Tuesday, September 28, 2010

Chuseok Celebrations

Tuesday afternoon I headed over to halmoni's house for the Chuseok holiday on Wednesday. The weather was really terrible on Tuesday and it took me a while to motiviate myself to get out of the house and over there, but I finally arrived around 6pm. Most of the food had been prepared by the ajumma that takes care of halmoni, but we didn't have anything to do, so we made some 배추전 or battered and fried cabbage. The boyfriend taught me how to make it too so I didn't have to stand around looking like a useless idiot like usual. It didn't look very tasty, but it tasted much better than expected. It's super easy to make. Just mix flour and water and dip the cabbage in and fry it up.

We woke up early the next morning at 7 am. Chuseok celebrations are held early in the morning, so after waking, we started preparing the 제사, or the memorial ceremony for the deceased. As I said, most things were already prepared, but we had to place everything on special dishes used only for the jesa ceremony. We also prepared 산적, a seasoned steak and opened rice liquor used in the ceremony. A paper was inserted into a holder with the name of the ancestor to be worshiped.

Once everything was prepared, it looked like this:

First, the men of the family bowed together for my boyfriend's haraboji (grandfather). Traditionally, only the men attended the jesa ceremony, but nowadays anyone can do it. After the men bowed, halmoni came in and bowed too. The boyfriend's little sister just made jokes about the whole ceremony and never actually joined in. After, a new name was inserted into the holder and my boyfriend bowed alone for his mother who passed away when he was in high school. After the jesa is finished, a small amount of each kind of food is thrown in a bowl of water, the paper with the names of the ancestors are burned and the ashes are left in the water. That water and food mix is then thrown in the garden outside. But, if you don't have a yard, where do you put it?

After the jesa, it was time to eat. Frankly speaking, I was quite dissapointed by the meal. They call this "Korean Thanksgiving" because it is supposed to be a harvest festival, but compared to an American Thanksgiving with a huge turkey, stuffing, potatoes, vegetables, amazing desserts, and in my family mountains of appetizers, the Chuseok meal at halmoni's house felt more like any normal meal just with more, equally unappetizing dishes. I'm not a big fan of mushy, vegetables, particularly the fermented ones, so if you add more of those kinds of dishes to the table it doesn't make it more exciting. My meal basically consisted of 호박전 (battered and fried zucchini), 도부전 (battered and fried tofu), cow bone soup (which doesn't taste bad, it just has no flavor) and rice. Not my idea of thanksgiving. I left the table still hungry and snacked on fruit and songpyeon for the rest of the morning. Do Koreans feel the same about American Thanksgiving? I wonder if it's better at other family's houses...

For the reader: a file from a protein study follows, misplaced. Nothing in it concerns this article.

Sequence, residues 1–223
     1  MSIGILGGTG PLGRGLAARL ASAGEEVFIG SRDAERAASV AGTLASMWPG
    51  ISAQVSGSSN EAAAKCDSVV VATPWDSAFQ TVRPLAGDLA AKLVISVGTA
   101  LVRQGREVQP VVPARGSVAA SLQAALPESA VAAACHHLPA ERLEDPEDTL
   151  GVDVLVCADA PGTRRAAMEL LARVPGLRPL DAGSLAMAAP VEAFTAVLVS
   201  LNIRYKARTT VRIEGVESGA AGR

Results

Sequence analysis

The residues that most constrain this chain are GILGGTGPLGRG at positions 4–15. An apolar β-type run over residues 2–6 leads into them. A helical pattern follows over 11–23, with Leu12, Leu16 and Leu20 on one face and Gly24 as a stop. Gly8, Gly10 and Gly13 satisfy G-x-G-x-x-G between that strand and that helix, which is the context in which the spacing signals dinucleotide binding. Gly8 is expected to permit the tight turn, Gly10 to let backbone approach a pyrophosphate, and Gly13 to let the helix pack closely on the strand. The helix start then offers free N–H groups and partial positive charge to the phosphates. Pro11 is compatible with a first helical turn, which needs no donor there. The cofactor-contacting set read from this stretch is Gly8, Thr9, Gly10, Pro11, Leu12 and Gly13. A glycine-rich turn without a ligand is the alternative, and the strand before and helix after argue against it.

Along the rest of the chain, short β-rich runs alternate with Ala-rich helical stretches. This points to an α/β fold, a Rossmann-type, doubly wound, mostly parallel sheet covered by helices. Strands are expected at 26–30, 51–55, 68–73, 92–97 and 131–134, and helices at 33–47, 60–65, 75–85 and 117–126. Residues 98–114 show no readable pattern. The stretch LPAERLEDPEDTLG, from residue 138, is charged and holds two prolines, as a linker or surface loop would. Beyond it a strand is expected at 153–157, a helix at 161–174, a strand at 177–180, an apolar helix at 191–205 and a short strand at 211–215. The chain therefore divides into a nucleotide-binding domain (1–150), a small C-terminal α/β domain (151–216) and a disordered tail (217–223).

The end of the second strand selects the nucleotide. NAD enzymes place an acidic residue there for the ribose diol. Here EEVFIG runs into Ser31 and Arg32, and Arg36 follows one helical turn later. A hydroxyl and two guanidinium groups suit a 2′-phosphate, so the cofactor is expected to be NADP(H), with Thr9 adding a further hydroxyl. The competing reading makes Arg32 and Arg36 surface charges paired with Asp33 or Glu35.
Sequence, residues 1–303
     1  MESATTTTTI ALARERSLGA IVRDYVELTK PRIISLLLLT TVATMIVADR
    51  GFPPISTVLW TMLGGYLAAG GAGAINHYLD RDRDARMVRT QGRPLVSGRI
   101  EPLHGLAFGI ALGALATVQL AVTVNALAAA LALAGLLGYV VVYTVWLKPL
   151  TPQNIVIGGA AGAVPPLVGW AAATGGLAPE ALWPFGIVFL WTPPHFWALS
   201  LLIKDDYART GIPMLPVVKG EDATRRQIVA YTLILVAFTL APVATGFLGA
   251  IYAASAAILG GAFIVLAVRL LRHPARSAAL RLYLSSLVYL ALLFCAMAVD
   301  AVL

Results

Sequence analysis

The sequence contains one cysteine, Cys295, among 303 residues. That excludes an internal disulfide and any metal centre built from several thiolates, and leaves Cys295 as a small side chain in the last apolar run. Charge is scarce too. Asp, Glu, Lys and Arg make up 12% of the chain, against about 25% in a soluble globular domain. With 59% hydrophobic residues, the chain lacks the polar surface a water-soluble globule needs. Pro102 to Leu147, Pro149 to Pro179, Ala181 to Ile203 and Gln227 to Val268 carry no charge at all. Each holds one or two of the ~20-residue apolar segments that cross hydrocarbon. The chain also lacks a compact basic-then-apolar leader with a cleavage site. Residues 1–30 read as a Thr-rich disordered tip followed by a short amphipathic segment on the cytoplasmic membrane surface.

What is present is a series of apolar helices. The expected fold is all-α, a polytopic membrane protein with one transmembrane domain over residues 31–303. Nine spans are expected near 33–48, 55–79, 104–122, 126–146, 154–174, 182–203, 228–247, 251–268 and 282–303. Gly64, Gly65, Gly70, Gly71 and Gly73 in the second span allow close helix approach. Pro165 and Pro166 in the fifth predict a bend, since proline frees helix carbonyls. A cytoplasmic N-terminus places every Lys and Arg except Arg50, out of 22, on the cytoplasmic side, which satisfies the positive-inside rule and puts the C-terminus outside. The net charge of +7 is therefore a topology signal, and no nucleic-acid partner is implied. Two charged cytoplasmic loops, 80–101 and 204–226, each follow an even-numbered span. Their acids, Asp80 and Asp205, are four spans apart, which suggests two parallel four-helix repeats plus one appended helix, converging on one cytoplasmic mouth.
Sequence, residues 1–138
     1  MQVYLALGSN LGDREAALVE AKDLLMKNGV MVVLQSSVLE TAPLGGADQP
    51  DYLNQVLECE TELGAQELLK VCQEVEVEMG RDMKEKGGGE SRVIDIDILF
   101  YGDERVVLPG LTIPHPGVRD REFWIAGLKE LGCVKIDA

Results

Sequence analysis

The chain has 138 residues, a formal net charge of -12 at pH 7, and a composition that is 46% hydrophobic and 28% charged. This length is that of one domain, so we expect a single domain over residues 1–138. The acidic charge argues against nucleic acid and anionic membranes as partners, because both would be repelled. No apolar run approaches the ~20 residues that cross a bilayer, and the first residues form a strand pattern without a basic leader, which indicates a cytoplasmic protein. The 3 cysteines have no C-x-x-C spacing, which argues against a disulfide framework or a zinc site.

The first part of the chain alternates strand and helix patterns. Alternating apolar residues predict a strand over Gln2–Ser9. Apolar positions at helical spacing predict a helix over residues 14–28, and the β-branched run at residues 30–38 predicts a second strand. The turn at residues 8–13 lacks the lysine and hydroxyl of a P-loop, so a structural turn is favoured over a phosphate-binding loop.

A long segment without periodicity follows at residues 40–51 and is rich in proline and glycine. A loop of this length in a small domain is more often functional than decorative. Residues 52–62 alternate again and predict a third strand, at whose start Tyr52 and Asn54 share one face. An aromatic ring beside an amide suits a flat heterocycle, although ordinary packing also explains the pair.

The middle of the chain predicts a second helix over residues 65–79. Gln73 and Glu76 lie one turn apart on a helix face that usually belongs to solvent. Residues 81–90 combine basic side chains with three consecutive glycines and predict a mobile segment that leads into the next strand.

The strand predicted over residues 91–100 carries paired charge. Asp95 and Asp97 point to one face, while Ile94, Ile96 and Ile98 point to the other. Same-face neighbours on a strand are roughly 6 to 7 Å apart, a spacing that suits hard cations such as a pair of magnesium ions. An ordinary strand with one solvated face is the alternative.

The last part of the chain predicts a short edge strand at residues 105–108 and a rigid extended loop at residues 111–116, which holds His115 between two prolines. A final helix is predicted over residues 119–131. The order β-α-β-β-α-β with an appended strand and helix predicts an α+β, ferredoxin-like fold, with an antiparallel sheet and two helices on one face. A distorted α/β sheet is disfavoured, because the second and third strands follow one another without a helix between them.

I guess this would be the best time to mention 송편(songpyeon), the special rice cake eaten at Chuseok. These are a little different from the normal rice cakes Koreans eat year round, mainly because they are placed on pine needles It seems as though most families make it themselves, but ours were bought at a store. I was kind of hoping to get to make them since I always hear my students talk about making songpyeong on Chuseok.

A little while later we headed up to the boyfriend's grandfather's grave to have the 묘제 or ceremony at the grave. It was quite simple, they just placed some fruit, songpyeong and dried fish on the altar by the grave and threw some of the rice liquor over the grave. Then they bowed for his grandfather. After that, we cut up the apple and ate that along with the songpyeong and dried fish (I didn't eat the fish though).

The rest of the day was relaxed, just watching TV and eating a relaxed lunch before leaving in the afternoon, sailing home with no traffic, packing and leaving to catch an earlier than planned flight to Jejudo. More on Jeju in the days to come.

1 comment:

  1. After hearing how my students made songpyeons this past Chuseok (and how bad they thought they were), perhaps you were better off with the store bought variety.

    Looking forward to your Jeju recap.